49 research outputs found

    LS2W: Implementing the Locally Stationary 2D Wavelet Process Approach in R

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    Locally stationary process representations have recently been proposed and applied to both time series and image analysis applications. This article describes an implementation of the locally stationary two-dimensional wavelet process approach in R. This package permits construction of estimates of spatially localized spectra and localized autocovariance which can be used to characterize structure within images.

    Detection of changes in the characteristics of oceanographic time-series using changepoint analysis.

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    Changepoint analysis is used to detect changes in variability within GOMOS hindcast time-series for significant wave heights of storm peak events across the Gulf of Mexico for the period 1900–2005. To detect a change in variance, the two-step procedure consists of (1) validating model assumptions per geographic location, followed by (2) application of a penalized likelihood changepoint algorithm. Results suggest that the most important changes in time-series variance occur in 1916 and 1933 at small clusters of boundary locations at which, in general, the variance reduces. No post-war changepoints are detected. The changepoint procedure can be readily applied to other environmental time-series

    Computationally efficient changepoint detection for a range of penalties

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    In the multiple changepoint setting, various search methods have been proposed which involve optimising either a constrained or penalised cost function over possible numbers and locations of changepoints using dynamic programming. Such methods are typically computationally intensive. Recent work in the penalised optimisation setting has focussed on developing a pruning-based approach which gives an improved computational cost that, under certain conditions, is linear in the number of data points. Such an approach naturally requires the specification of a penalty to avoid under/over-fitting. Work has been undertaken to identify the appropriate penalty choice for data generating processes with known distributional form, but in many applications the model assumed for the data is not correct and these penalty choices are not always appropriate. Consequently it is desirable to have an approach that enables us to compare segmentations for different choices of penalty. To this end we present a method to obtain optimal changepoint segmentations of data sequences for all penalty values across a continuous range. This permits an evaluation of the various segmentations to identify a suitably parsimonious penalty choice. The computational complexity of this approach can be linear in the number of data points and linear in the difference between the number of changepoints in the optimal segmentations for the smallest and largest penalty values. This can be orders of magnitude faster than alternative approaches that find optimal segmentations for a range of the number of changepoints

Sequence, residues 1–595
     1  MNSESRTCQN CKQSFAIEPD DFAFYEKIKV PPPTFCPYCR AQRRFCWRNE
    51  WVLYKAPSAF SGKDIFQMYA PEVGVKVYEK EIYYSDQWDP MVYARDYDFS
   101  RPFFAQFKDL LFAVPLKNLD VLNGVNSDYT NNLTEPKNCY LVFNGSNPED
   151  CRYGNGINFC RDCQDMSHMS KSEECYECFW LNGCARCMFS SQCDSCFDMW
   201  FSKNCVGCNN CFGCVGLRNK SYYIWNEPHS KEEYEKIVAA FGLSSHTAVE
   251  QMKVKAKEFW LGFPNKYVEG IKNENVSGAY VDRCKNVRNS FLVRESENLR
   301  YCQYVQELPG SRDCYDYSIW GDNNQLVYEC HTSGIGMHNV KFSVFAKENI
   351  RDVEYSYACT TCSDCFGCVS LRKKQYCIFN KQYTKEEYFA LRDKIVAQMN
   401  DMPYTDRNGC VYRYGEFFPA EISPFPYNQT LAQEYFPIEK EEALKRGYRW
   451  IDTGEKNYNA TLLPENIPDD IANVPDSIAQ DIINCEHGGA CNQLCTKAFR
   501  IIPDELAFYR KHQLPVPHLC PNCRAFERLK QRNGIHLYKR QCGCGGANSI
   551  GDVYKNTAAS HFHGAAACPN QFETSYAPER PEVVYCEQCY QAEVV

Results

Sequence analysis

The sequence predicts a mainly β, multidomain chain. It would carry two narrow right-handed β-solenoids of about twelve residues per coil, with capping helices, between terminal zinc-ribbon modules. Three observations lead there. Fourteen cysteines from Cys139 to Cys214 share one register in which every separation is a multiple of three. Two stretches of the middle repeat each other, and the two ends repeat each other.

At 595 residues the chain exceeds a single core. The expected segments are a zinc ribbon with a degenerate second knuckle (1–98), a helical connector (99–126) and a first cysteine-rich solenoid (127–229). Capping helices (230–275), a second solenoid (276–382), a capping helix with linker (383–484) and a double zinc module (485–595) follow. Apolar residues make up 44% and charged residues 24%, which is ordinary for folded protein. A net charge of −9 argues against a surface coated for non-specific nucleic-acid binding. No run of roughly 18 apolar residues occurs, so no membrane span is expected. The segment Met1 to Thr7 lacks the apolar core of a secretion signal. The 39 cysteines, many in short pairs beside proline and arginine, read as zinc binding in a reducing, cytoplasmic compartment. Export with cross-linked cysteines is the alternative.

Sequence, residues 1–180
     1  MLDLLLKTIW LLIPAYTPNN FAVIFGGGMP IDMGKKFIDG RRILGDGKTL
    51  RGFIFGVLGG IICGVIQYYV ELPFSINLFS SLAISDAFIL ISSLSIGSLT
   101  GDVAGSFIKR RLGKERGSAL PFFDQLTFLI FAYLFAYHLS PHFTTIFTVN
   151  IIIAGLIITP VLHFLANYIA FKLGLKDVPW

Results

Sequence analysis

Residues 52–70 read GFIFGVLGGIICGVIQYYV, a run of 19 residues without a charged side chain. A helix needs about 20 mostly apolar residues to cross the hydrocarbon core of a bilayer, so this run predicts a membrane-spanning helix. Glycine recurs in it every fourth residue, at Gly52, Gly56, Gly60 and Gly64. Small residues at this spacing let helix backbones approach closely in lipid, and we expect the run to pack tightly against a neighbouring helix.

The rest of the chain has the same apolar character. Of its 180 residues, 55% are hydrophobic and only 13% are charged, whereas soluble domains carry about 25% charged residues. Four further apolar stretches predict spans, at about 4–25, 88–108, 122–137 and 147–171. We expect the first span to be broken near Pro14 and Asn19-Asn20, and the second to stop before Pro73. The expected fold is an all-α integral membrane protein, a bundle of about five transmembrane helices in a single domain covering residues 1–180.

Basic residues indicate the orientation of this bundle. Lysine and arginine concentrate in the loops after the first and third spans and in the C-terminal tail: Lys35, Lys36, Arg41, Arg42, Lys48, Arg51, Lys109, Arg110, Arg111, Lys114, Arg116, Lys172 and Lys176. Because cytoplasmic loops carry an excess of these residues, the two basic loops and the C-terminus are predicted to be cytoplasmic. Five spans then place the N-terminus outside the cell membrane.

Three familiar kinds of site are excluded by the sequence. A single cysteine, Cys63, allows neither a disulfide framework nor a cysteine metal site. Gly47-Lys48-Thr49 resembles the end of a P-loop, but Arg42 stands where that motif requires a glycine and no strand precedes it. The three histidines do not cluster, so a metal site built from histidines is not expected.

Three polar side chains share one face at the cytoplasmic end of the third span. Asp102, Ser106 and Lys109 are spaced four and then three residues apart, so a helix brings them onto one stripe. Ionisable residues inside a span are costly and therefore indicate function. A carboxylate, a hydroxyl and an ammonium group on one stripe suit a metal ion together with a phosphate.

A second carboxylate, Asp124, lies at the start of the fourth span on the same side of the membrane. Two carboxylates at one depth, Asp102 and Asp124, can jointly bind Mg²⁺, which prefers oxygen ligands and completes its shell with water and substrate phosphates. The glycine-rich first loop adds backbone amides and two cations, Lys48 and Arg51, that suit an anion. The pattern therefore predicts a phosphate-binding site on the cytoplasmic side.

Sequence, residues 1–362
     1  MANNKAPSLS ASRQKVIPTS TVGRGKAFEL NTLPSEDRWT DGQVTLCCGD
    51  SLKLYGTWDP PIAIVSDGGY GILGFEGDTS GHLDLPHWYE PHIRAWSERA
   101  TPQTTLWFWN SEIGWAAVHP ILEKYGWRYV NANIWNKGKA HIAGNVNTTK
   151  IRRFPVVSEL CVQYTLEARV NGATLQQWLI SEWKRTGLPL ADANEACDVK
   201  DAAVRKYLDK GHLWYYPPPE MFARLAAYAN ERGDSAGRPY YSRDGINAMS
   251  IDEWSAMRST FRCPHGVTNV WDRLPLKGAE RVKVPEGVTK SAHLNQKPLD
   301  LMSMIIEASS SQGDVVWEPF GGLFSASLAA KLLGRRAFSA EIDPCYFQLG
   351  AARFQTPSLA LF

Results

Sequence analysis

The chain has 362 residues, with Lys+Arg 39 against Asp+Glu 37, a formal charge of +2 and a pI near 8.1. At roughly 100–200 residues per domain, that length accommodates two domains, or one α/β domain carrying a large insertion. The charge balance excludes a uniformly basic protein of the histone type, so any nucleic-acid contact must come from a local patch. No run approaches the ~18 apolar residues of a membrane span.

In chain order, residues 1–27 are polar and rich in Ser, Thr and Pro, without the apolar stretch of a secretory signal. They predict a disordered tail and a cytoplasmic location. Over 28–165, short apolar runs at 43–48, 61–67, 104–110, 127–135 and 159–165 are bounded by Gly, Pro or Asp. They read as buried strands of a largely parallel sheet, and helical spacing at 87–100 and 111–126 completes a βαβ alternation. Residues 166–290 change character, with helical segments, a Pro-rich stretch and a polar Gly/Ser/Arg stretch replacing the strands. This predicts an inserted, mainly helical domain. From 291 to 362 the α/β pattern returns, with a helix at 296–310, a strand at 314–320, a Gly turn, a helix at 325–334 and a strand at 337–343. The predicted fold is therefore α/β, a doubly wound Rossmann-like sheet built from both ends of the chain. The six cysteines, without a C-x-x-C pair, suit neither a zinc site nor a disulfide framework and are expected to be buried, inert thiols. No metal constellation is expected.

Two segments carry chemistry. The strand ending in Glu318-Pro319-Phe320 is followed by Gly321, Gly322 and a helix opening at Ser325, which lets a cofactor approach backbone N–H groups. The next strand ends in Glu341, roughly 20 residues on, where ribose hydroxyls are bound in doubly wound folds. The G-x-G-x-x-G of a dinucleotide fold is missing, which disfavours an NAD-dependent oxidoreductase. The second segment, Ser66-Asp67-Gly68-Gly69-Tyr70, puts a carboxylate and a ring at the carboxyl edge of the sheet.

High-dimensional time series segmentation via factor-adjusted vector autoregressive modelling

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    Vector autoregressive (VAR) models are popularly adopted for modelling high-dimensional time series, and their piecewise extensions allow for structural changes in the data. In VAR modelling, the number of parameters grow quadratically with the dimensionality which necessitates the sparsity assumption in high dimensions. However, it is debatable whether such an assumption is adequate for handling datasets exhibiting strong serial and cross-sectional correlations. We propose a piecewise stationary time series model that simultaneously allows for strong correlations as well as structural changes, where pervasive serial and cross-sectional correlations are accounted for by a time-varying factor structure, and any remaining idiosyncratic dependence between the variables is handled by a piecewise stationary VAR model. We propose an accompanying two-stage data segmentation methodology which fully addresses the challenges arising from the latency of the component processes. Its consistency in estimating both the total number and the locations of the change points in the latent components, is established under conditions considerably more general than those in the existing literature. We demonstrate the competitive performance of the proposed methodology on simulated datasets and an application to US blue chip stocks data
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